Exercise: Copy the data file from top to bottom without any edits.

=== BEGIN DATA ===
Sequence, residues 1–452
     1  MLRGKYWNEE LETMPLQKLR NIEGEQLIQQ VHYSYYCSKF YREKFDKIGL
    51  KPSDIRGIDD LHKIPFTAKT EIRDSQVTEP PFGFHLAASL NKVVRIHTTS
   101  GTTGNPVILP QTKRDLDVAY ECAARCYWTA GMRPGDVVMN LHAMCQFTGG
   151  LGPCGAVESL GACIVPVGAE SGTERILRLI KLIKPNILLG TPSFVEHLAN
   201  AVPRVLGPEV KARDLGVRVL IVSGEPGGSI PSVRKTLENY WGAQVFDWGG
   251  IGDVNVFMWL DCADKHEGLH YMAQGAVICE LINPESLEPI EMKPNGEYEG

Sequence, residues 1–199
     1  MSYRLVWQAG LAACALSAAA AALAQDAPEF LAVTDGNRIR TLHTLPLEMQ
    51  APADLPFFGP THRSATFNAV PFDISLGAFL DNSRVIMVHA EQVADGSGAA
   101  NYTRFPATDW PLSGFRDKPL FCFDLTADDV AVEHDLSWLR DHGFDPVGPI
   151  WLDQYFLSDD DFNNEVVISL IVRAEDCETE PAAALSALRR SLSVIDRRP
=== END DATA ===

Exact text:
Sequence, residues 1–452
     1  MLRGKYWNEE LETMPLQKLR NIEGEQLIQQ VHYSYYCSKF YREKFDKIGL
    51  KPSDIRGIDD LHKIPFTAKT EIRDSQVTEP PFGFHLAASL NKVVRIHTTS
   101  GTTGNPVILP QTKRDLDVAY ECAARCYWTA GMRPGDVVMN LHAMCQFTGG
   151  LGPCGAVESL GACIVPVGAE SGTERILRLI KLIKPNILLG TPSFVEHLAN
   201  AVPRVLGPEV KARDLGVRVL IVSGEPGGSI PSVRKTLENY WGAQVFDWGG
   251  IGDVNVFMWL DCADKHEGLH YMAQGAVICE LINPESLEPI EMKPNGEYEG

Sequence, residues 1–199
     1  MSYRLVWQAG LAACALSAAA AALAQDAPEF LAVTDGNRIR TLHTLPLEMQ
    51  APADLPFFGP THRSATFNAV PFDISLGAFL DNSRVIMVHA EQVADGSGAA
   101  NYTRFPATDW PLSGFRDKPL FCFDLTADDV AVEHDLSWLR DHGFDPVGPI
   151  WLDQYFLSDD DFNNEVVISL IVRAEDCETE PAAALSALRR SLSVIDRRP